17. The process of claim 10 wherein the amount of hydrogen peroxide is at least 3 times the stoichiometric amount, the reaction is carried out at a temperature in the range of about 15-75 C., the amount of the ammonium molybdate is between about 15-40 ppm based on 100% HF and the amount of the phosphoric acid is between about 100-400 ppm based on 100% HF.
18. A process for manufacturing anhydrous hydrogen flouride with reduced levels of arsenic impurity from arsenic and organic material contaminated anhydrous hydrogen fluoride which comprises contacting said anhydrous hydrogen fluoride with:
(a) an effective amount of hydrogen peroxide to oxidize the arsenic impurity, in the presence of a catalyst which comprises a catalytic amount of
(i) molybdenum or an inorganic molybdenum compound and
(ii) a phosphate compound, and
(b) an effective amount of an oxidizing agent to oxidize the organic material present,
at a temperature and for a period of time sufficient to oxidize volatile trivalent arsenic impurities in the anhydrous hydrogen flouride to non-volatile pentavalent arsenic compounds, and distilling the resulting mixture and recovering anhydrous hydrogen fluoride with reduced levels of arsenic impurity.
19. The process of claim 18 wherein the oxidizing agent is nitric acid or a salt thereof.
20. The process of claim 19 wherein the oxidizing agent is nitric acid.
21. The process of claim 19 wherein the oxidizing agent is a salt of nitric acid.
22. The process of claim 21 wherein the oxidizing agent is sodium nitrate.
23. The process of claim 1 wherein the inorganic molybdenum compound is selected from the group consisting of a mono- or poly-alkali metal molybdate, a molybdenum oxide or a mono- or poly-ammonium molybdate.
24. The process of claim 1 wherein the phosphate compound is an phosphate compound.
25. The process of claim 24 wherein the phosphate compound is selected from the group consisting of phosphoric acid, mono- and poly-alkali metal phosphates and the mono- and poly-ammonium phosphates.
26. The process of claim 25 wherein the molybdenum compound is selected from the group consisting of a mono- or poly-alkali metal molybdate, a molybdenum oxide or a mono- or poly-ammonium molybdate.
Description
FIELD OF THE INVENTION

This invention relates to the manufacture of high purity anhydrous hydrogen fluoride (HF) with low levels of arsenic impurity. More specifically, this invention deals with a manufacturing process which consists of contacting industrial grade anhydrous hydrogen fluoride, or an intermediate product obtained during the hydrogen fluoride manufacturing process, with hydrogen peroxide in the presence of a catalyst which comprises effective amounts of molybdenum or an inorganic molybdenum compound and a phosphate compound, to oxidize volatile trivalent arsenic impurity to non-volatile pentavalent arsenic compounds and distilling the resultant mixture to recover high purity anhydrous hydrogen fluoride. The thus recovered HF has low levels of arsenic impurity.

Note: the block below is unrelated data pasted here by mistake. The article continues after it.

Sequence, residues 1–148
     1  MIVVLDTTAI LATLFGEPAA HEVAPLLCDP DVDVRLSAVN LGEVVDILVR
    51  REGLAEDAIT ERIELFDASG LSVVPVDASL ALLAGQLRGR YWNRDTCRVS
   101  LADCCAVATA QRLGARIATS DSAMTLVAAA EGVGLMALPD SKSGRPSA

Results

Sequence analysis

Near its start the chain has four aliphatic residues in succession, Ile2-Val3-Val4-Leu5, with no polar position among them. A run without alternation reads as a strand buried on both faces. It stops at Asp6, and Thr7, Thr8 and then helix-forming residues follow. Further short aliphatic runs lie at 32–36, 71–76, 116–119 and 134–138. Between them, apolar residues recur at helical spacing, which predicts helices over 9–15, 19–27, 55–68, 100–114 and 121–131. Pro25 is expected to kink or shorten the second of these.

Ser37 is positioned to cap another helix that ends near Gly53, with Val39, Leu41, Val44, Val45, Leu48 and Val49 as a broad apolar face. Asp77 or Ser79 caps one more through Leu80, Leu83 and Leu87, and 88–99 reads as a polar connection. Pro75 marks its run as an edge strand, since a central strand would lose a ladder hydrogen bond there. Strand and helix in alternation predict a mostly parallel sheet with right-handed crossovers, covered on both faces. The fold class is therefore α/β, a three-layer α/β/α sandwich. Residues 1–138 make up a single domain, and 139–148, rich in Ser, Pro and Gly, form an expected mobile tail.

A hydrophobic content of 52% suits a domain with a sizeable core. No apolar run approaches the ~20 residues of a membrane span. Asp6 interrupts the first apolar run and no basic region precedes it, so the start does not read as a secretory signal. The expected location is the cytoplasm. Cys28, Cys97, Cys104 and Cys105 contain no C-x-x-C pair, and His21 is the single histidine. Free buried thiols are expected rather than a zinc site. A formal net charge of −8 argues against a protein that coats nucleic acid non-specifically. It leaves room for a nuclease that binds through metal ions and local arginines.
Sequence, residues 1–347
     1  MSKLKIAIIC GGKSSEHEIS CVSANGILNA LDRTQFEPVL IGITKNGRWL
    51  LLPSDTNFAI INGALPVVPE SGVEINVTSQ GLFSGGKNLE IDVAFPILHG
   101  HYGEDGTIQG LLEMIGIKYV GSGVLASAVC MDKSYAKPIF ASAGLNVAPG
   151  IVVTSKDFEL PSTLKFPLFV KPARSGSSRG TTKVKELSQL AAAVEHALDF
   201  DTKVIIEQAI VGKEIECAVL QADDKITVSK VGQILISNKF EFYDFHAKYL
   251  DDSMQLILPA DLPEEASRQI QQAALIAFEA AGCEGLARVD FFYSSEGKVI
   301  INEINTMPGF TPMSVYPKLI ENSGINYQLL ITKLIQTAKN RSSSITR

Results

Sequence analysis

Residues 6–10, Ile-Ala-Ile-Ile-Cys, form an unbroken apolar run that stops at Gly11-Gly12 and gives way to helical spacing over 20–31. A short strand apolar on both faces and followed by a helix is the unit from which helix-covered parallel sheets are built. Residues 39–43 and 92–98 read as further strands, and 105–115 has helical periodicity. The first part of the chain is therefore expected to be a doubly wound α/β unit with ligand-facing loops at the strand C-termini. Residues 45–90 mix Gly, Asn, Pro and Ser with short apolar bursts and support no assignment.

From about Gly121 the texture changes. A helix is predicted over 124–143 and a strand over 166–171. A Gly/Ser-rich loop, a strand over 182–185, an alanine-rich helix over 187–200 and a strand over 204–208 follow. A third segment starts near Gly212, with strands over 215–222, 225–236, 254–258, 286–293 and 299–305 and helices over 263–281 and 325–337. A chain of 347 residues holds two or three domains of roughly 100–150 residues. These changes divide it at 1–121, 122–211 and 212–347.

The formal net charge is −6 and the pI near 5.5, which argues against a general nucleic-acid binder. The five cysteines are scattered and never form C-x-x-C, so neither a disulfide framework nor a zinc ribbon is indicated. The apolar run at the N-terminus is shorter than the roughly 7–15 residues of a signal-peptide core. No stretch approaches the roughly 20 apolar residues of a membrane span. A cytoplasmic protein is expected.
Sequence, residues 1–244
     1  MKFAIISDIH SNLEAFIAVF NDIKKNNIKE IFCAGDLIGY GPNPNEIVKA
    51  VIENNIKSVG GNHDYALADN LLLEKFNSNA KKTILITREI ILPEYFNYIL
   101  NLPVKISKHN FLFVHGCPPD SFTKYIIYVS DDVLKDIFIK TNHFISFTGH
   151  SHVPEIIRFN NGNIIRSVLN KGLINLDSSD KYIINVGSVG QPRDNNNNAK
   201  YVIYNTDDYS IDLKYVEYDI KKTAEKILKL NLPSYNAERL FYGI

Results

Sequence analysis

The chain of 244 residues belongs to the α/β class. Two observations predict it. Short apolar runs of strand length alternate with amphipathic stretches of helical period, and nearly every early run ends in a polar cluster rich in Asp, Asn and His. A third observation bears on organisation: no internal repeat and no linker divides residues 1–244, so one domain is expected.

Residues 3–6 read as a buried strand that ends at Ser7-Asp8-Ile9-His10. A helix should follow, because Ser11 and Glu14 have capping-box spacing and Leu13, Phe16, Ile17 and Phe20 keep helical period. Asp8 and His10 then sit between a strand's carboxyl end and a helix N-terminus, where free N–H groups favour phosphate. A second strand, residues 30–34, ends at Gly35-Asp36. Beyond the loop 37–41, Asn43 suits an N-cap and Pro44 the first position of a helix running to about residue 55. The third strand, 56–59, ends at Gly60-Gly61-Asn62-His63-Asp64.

BACKGROUND OF THE INVENTION

A method generally employed in the manufacture of hydrogen fluoride involves heating a mixture of fluorspar and sulfuric acid in a rotation furnace. The crude hydrogen fluoride gases leaving the furnace are scrubbed to remove entrained solids, cooled and condensed to form an initial crude product. The initial crude product formed which comprises at least 95 percent by weight of HF contains various undesirable impurities and these are removed by fractional distillation to give technical or industrial grade anhydrous hydrogen fluoride which has a purity of 99.95% HF or better. The industrial grade anhydrous hydrogen fluoride thus obtained still contains large quantities of undesirable impurities such as arsenic. The amount of arsenic impurity which is present in industrial grade anhydrous hydrogen fluoride depends on the arsenic impurity in the fluorspar from which anhydrous hydrogen fluoride is produced. The industrial grade anhydrous hydrogen fluoride generally contains about 50-500 ppm of arsenic impurity. The presence of arsenic impurity in anhydrous hydrogen fluoride at these levels is highly undesirable for many applications. Anhydrous hydrogen fluoride is used in the refining and chemical manufacturing industries and arsenic impurities in anhydrous hydrogen fluoride can poison the catalyst and contaminate the manufactured product which adversely affects the product quality. In the electronics industry, aqueous solutions of hydrogen fluoride are used as cleaning agents and etchants in the manufacture of semiconductors, diodes and transistors. A high degree of purity and very low levels of arsenic in anhydrous hydrogen fluoride are required to prevent minute quantities of arsenic impurity from remaining on the surfaces of said electronic industry products after they have been cleaned or etched with hydrogen fluoride.